In both cases the common thing that one can notice is that there is an external trigger that needs to be passed on into the directive. In Angular 1.4 there is no direct way to do this. Directives do support two way binding, and passing initial values. But neither would solve the exact requirement in both problems.

The solution that we came up with was passing a control object to the directive. The controller defined a control object, a key of which will be pointing to a function. This object was passed on to the directive, and directive initialised the control object’s key (control object which is two-way bound) with a function that gives access to the variables/functions inside the directive. Being two-way bound, this function is now available in the controller. This can be passed on to anywhere (factory, as it was in case of solution for problem B) or used locally.

Sample code:


Javascript jQuery jQuery Plugin

Disable sorting of a column when using Datatables

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For a while now, along with other team members I’ve been working on building a payroll software for one of our clients. This is a multitenant application and each tenant can use this software to process the salaries of their employees in addition to certain other functionalities that use employee information.

One such functionality of the application has got to do with the generation of reports and as an application end user(this could probably be a company HR person for example) one might want to generate a report containing certain data of only a selected list of employees. The next question could be, how could one easily filter or sort a table list full of employees to get only a selected list of employees that match certain critera? Turns out there is a jQuery plug-in called [Datatables]( which converts an HTML table into one which provides a sorting functionality along with an additional set of functionalities like searching and pagination, all, out of the box.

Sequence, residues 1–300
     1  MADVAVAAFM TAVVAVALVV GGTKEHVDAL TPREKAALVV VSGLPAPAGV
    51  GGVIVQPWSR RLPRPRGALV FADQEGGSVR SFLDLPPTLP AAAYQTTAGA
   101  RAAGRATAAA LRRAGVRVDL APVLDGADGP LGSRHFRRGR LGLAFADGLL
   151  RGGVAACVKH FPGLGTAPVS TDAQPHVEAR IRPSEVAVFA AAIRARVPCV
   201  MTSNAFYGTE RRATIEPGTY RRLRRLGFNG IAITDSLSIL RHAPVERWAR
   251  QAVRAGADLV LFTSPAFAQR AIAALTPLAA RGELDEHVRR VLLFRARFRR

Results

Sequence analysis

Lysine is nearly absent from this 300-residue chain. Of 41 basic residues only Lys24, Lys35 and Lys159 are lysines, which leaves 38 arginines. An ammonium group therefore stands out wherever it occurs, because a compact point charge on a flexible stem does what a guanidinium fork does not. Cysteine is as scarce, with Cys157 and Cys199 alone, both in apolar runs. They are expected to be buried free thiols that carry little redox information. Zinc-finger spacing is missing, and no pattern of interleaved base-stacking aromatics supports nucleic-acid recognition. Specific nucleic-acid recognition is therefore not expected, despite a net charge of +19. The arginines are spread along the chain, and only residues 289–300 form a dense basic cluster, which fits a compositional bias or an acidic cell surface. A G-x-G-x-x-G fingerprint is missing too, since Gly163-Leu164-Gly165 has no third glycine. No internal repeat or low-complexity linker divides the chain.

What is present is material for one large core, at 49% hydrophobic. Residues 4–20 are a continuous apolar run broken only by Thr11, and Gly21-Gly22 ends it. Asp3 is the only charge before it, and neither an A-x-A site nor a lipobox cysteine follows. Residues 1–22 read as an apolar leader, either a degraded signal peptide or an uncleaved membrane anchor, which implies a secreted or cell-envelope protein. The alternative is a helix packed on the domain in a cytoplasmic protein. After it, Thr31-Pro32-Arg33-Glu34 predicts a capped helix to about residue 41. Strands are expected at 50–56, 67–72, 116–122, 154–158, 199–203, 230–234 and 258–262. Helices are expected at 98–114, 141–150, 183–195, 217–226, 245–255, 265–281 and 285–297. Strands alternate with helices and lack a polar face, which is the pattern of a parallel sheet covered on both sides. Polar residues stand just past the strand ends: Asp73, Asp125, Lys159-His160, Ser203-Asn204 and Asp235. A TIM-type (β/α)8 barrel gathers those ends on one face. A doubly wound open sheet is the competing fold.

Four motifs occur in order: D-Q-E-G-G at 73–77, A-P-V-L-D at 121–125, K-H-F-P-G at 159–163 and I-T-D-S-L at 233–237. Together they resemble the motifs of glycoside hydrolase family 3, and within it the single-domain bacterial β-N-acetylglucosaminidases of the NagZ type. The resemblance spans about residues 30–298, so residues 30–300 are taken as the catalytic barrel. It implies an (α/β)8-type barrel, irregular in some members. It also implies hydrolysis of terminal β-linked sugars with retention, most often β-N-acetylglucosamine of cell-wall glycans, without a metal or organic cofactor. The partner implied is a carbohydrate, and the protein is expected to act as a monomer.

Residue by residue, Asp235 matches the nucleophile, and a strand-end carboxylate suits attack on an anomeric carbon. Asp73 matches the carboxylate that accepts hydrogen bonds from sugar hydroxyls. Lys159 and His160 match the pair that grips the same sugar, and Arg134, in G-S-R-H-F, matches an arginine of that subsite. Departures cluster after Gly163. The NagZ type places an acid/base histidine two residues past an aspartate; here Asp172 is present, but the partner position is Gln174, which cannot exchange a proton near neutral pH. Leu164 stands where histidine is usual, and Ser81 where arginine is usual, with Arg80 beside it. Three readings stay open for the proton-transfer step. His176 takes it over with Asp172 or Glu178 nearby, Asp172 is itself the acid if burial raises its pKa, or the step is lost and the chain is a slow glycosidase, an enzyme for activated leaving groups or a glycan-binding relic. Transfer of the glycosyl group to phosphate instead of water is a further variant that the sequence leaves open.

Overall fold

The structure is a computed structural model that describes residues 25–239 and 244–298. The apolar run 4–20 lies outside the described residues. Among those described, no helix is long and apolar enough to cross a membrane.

Since there is a need to select only a particular number of employees(based on what was discussed above) for a report that needs to be generated, we’d be selecting the employees using a checkbox that comes as part of each employee record as shown in the screenshot below. The only problem is that datables by default provides sorting for all columns and we didn’t want this to be there for the checkbox column as this is meaningless and could easily confuse an end user.

Datatables with a sorting option on the first column

Datatables with a sorting option on the first column

It took me a while for me to figure out how to disable the sorting on a specific column when using data tables hence I thought I’d share some code on this could be accomplished. The below configuration settings that are passed to datatables, disable the up and down arrow options as shown in the screenshot below for the first column from when the employee data is first loaded on a page. This code was last tested using Datatables 1.10.8 .

Datatables without a sorting option on the first column

Datatables without a sorting option on the first column

Below is how one could pass these options to a datatable. Here example represents the table id that one would specify as part of the HTML table tag.

Here targets[0] represents the first column of the datatable.


1. Thanks to this discussion within the Datatables forum for some initial leads into the issue.